The National Cancer Institute launched the MATCH trial in August 2015 as part of the Precision Medicine Initiative announced by President Obama.
The FDA approaches cancer drug development from the perspective of tumor type as defined initially by site of origin, and secondarily by genetic mutation. On the other hand, the NCI views cancer as a disease of mutations, and categorizes them according to the affected genes, irrespective of the tissue of origin. For example, if both a breast cancer and gastric cancer over-express the EGFR (epidermal growth factor receptor), the NCI considers these tumors as a single entity in the practice of precision medicine.
The National Cancer Institute-Molecular Analysis for Therapy Choice, known as NCI-MATCH or study EAY131, is a $30 million phase II precision medicine trial that seeks to determine whether matching certain drugs or drug combinations in adults whose tumors have specific gene abnormalities will effectively treat their cancer, regardless of their cancer type.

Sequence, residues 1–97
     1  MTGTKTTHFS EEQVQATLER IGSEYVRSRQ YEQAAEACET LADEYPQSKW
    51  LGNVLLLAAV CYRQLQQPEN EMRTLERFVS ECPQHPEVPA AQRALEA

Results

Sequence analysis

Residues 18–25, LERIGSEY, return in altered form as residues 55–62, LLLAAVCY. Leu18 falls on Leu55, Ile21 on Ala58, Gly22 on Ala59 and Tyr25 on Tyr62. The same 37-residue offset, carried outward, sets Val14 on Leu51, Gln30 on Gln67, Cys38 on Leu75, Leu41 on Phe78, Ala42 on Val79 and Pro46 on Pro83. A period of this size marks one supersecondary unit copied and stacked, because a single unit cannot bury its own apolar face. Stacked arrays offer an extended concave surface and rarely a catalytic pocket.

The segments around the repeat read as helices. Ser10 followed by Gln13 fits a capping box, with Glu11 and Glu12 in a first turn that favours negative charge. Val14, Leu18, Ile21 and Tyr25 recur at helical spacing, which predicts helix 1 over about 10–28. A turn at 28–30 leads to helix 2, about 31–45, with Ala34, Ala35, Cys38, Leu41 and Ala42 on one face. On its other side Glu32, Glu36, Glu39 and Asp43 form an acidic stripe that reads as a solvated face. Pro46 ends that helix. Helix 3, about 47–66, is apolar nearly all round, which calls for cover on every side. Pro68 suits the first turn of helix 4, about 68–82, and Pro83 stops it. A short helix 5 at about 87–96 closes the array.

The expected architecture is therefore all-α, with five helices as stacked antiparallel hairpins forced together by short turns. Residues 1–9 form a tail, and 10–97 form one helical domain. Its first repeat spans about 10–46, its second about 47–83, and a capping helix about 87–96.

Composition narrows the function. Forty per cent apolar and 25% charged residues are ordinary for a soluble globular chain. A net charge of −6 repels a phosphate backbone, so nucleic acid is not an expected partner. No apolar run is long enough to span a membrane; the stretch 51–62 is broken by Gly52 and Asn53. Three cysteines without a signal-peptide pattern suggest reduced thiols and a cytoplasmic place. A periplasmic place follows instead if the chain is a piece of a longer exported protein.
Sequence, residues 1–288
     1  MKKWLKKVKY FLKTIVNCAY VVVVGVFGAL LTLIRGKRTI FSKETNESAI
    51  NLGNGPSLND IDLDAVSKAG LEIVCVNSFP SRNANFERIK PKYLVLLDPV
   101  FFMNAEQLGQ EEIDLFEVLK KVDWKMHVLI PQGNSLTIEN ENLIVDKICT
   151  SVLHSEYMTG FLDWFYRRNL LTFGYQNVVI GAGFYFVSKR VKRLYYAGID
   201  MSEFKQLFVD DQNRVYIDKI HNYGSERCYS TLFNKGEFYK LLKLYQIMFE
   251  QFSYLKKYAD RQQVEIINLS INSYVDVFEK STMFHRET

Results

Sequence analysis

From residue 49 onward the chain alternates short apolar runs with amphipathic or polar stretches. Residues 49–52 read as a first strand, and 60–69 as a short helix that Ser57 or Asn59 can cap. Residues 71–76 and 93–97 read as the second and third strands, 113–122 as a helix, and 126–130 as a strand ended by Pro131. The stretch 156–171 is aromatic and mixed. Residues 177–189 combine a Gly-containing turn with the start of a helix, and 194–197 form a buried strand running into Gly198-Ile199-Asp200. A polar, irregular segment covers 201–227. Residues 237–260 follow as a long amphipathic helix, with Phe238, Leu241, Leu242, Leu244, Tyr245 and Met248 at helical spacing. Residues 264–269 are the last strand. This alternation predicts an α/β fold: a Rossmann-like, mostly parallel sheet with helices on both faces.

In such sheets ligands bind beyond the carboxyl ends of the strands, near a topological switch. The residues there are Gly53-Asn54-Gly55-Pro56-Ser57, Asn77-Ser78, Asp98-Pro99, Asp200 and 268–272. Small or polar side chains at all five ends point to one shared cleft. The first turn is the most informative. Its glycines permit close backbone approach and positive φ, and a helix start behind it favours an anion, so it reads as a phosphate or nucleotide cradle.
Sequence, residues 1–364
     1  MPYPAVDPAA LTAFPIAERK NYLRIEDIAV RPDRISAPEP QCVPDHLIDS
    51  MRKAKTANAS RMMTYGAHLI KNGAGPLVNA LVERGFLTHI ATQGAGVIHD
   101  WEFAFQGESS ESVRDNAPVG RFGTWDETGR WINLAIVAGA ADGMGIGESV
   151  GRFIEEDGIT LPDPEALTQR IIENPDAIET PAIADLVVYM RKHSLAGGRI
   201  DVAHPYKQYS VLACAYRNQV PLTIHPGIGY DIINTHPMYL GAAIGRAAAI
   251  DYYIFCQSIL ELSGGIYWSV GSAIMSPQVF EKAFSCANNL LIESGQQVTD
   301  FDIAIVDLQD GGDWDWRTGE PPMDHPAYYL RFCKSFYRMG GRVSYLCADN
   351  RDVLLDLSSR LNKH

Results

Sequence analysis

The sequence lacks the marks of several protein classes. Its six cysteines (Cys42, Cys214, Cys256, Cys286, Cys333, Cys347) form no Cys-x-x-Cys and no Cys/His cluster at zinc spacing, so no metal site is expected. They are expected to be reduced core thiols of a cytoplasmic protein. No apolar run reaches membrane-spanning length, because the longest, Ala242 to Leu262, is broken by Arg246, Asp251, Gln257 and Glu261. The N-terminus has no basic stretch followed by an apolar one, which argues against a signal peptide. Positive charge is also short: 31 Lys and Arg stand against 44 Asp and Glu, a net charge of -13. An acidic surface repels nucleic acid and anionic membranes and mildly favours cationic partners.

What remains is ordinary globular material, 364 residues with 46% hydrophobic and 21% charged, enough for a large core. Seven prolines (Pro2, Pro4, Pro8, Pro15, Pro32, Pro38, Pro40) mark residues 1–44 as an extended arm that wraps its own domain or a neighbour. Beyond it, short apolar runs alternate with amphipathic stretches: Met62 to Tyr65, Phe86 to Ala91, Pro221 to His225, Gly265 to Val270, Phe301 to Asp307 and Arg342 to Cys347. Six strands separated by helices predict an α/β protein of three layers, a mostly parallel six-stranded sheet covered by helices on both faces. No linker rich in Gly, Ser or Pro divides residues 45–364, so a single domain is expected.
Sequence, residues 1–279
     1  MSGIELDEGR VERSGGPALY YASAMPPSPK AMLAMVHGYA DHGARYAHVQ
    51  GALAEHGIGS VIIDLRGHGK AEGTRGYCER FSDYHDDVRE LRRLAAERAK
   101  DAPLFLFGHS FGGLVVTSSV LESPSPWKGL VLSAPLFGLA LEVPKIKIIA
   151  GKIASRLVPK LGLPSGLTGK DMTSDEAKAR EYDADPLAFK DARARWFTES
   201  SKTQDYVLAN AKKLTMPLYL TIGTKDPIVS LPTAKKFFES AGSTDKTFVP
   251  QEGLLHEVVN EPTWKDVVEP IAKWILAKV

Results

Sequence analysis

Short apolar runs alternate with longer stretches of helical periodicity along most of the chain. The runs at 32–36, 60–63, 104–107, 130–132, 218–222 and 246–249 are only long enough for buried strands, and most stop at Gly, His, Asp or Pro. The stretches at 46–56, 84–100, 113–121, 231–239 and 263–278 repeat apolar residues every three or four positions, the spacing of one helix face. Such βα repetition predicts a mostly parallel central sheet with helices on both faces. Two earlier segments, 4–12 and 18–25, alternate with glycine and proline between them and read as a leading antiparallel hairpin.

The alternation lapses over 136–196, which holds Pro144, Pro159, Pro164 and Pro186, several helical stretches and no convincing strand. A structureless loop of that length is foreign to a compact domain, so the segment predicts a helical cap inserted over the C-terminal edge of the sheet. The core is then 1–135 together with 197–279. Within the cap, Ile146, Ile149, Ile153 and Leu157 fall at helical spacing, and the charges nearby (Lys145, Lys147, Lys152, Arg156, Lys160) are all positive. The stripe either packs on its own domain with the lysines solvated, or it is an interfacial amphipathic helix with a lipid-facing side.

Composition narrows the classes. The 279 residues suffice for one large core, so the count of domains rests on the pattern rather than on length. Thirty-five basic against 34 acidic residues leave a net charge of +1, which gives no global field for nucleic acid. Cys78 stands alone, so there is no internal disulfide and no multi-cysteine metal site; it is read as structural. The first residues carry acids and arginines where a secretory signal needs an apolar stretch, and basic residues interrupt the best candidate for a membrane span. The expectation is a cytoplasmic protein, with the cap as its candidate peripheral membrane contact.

Precision medicine refers to the tailoring of treatment based on the characteristics of each individual. Treatment focuses on molecular abnormalities instead of the organ site of the cancer.
- NCI-MATCH is a unique cancer treatment trial because it is the largest, most scientifically rigorous precision medicinecancer trial to date
- NCI-MATCH is considered the largestprecision medicine cancer trial to date based on the number of patients, treatment options, and types of cancer being studied in a single clinical trial
- About 3000 patients will receive genetic testing to identify those eligible for one of 22 or more treatment options
- The 22 or more treatment options explore a large number of genetic abnormalities and drugs—far more than any other cancer trial
- It includes a large number of cancer types (most other trials address a single cancer) and has many more drugs available than most other cancer trials